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Charities step in to tackle digital divide, amid concerns over health inequalities

BMJ 2024; 384 doi: (Published 19 January 2024) Cite this as: BMJ 2024;384:q158
  1. Elisabeth Mahase
  1. The BMJ

The covid pandemic saw many everyday services move online, but the NHS’s push for “digital transformation” may mean digitally excluded and vulnerable people are left behind. Elisabeth Mahase examines what work is being done to tackle this issue

Across the UK many services have become “digital first” since the covid-19 pandemic began, and it has become more difficult to speak to someone over the phone or in person if a issue arises. This can frustrate many people, but for those who are digitally excluded it can make accessing even basic services impossible. When it comes to healthcare it can risk worsening existing inequalities, an issue NHS England is keenly aware of.1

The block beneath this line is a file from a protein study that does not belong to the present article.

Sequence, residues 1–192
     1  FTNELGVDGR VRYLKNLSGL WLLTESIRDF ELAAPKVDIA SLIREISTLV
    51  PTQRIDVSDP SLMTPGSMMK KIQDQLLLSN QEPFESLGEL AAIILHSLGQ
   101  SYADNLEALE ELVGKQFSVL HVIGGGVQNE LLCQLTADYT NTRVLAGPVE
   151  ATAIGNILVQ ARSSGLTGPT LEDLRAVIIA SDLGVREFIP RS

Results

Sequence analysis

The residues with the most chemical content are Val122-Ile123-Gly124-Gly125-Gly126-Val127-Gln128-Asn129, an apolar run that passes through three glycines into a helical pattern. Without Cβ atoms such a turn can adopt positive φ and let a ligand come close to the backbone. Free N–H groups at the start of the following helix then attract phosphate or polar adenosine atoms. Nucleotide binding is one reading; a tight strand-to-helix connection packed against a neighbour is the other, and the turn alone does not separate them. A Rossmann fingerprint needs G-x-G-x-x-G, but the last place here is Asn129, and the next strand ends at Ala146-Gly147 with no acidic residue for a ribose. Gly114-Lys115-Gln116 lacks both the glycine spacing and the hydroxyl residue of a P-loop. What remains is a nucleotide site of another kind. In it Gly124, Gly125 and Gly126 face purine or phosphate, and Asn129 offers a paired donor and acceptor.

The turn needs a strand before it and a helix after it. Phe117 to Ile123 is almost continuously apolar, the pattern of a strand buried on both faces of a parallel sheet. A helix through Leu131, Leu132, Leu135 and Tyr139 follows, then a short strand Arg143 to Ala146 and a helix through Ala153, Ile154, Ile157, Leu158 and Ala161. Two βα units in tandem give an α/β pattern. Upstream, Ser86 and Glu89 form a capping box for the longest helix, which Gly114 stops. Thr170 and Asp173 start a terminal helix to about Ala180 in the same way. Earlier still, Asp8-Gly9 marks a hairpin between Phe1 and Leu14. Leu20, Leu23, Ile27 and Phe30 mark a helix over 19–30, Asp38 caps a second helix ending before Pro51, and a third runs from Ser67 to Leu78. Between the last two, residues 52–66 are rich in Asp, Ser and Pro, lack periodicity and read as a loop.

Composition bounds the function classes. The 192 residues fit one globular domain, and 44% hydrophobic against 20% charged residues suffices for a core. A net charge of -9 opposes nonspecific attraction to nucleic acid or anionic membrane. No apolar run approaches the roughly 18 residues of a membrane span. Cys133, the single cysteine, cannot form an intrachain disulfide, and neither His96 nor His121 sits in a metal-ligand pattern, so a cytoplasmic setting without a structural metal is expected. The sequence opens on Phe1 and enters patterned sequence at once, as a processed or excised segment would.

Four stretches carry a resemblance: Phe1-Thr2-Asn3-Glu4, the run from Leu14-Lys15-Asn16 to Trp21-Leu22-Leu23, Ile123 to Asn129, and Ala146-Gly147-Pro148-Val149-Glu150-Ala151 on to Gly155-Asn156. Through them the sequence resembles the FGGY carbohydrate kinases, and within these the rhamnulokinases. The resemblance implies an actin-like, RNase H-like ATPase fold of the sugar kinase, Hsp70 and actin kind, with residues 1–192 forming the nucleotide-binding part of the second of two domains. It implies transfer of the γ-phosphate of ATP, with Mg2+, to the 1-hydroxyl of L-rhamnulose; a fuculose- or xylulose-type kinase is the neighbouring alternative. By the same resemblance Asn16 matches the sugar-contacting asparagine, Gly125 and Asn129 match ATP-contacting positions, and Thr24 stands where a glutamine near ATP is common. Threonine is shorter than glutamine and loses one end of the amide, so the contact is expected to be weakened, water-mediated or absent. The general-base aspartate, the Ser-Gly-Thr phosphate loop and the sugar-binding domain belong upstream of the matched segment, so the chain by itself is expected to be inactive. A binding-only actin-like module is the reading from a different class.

Bola Akinwale, the NHS’s deputy director for the National Healthcare Inequalities Improvement Programme, raised this concern at the Royal Society of Medicine’s Tackling Inequalities conference in London on 16 January.

“Digital innovations can be a lifeline for many groups. They can enable remote care. They can empower people, but only if we do it in the right ways,” Akinwale said.

In September NHS England published its “framework for NHS action on digital inclusion,” which warned that digital exclusion can “compound health inequalities by exacerbating challenges with access to healthcare.”2 It said that around 7% of households do not have home internet access and around one million people had …

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